Monday, December 10, 2007

A New Scarlet Letter?

Today's New York Times features an article about a new initiative being spearheaded by Andrew P. Thomas, the Phoenix, Arizona county attorney.
"[T]he bleary-eyed, disheveled and generally miserable visages of convicted drunken drivers...are available to the entire world via a Web site." The site,, includes photographs of drunk drivers convicted of misdemeanors and felonies. Mr. Thomas has also put up five billboards around Phoenix (and more are to come) with photographs of convicted felons, "whose crimes, which almost always involve someone's death," are accompanied by the banner headline: "Drive drunk, see your mug shot here."

The article reports that "other states have used shame tactics like forcing convicted drunken drivers to use special license plates or pick up roadside litter wearing a placard announcing their crimes." Interestingly, Mothers Against Drunk Driving (M.A.D.D.) is not cheering Mr. Thomas's initiative. M.A.D.D. is in favor of the Web site's informational aspects and concern for the victims of drunk driving. However, "M.A.D.D. would not want to be involved in calling out offenders. We are interested in research- and science-based activities proven to stop drunk driving." M.A.D.D. cites activities such as "putting devices on the cars of prior offenders that they are forced to breathe into in order to start their vehicles."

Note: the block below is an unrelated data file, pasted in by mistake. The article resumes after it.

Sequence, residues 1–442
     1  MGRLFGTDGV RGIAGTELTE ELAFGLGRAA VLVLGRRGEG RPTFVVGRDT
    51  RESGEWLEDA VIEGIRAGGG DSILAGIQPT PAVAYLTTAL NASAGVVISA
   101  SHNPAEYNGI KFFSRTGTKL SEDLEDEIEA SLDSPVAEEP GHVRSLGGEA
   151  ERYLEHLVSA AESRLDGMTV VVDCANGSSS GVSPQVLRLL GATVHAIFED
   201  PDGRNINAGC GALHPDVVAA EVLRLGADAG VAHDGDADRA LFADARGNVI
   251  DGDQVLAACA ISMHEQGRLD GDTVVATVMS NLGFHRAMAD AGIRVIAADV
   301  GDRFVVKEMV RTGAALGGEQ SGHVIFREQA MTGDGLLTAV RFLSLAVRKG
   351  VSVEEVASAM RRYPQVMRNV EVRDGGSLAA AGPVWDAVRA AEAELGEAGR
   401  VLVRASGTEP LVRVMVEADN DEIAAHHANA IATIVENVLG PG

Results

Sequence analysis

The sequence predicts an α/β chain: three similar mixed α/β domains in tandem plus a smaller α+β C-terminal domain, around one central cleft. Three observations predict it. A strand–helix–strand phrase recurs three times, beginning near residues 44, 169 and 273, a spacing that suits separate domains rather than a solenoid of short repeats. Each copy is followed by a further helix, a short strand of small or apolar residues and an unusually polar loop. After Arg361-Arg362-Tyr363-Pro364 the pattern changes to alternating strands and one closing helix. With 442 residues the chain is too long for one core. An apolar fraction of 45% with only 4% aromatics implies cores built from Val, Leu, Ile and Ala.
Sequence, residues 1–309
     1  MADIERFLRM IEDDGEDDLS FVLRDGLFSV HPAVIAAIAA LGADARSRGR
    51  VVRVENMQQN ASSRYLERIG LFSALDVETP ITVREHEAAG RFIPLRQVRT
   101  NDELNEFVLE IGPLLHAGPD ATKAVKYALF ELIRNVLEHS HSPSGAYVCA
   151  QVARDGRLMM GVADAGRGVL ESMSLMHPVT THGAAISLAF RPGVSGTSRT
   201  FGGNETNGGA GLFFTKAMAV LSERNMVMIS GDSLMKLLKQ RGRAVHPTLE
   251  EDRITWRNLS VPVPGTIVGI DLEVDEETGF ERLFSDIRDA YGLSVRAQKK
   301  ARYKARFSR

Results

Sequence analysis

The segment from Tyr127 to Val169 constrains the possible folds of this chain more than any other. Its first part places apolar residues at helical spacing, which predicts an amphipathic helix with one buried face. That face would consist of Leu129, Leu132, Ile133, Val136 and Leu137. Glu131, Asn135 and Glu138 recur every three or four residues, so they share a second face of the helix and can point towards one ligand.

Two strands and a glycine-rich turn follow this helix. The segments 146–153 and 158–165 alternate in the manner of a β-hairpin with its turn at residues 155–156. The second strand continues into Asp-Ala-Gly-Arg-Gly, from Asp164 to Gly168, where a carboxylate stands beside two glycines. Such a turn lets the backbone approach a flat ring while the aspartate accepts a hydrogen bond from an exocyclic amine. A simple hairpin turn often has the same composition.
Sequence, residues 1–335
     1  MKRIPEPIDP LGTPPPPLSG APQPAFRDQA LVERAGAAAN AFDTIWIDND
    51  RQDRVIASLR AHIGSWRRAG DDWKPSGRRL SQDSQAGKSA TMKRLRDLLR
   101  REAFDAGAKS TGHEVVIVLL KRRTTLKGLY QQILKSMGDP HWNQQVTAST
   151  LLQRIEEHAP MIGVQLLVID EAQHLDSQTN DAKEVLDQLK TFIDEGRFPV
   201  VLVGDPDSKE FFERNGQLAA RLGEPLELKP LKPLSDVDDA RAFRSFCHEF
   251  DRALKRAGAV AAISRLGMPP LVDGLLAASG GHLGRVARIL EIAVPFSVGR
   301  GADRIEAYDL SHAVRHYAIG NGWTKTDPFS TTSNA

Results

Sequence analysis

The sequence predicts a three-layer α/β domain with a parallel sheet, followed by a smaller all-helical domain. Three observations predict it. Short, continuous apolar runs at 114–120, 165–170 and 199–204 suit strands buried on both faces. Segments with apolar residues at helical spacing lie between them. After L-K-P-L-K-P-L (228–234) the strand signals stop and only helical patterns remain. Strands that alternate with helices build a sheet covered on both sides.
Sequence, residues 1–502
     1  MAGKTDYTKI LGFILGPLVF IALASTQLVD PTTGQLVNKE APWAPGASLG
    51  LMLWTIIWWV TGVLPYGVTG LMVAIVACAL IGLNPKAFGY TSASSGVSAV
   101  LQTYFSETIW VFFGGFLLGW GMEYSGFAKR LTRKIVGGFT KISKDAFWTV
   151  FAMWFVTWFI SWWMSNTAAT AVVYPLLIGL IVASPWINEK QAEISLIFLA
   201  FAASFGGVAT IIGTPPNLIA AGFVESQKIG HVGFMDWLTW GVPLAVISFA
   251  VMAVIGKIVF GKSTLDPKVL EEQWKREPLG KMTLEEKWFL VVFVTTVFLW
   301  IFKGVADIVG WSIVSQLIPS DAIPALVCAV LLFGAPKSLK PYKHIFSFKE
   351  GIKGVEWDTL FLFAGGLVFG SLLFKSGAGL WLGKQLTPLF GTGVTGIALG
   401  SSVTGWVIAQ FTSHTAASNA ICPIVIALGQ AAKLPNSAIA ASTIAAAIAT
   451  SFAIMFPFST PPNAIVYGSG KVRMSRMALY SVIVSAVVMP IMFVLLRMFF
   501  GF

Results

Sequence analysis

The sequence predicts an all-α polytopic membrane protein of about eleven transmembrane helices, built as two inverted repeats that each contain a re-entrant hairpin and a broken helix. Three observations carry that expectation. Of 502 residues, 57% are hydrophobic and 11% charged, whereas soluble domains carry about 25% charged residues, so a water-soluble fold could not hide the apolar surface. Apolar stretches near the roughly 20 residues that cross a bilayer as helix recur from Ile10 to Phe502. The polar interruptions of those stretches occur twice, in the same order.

Certainly no one is in favor of drunk driving. However, Phoenix's approach seems like a particularly punitive way to approach the problem. As one defense attorney in Phoenix points out, most of the drunk drivers have no prior criminal history. In addition, other criminals, such as sex offenders, are not being targeted in the same way.

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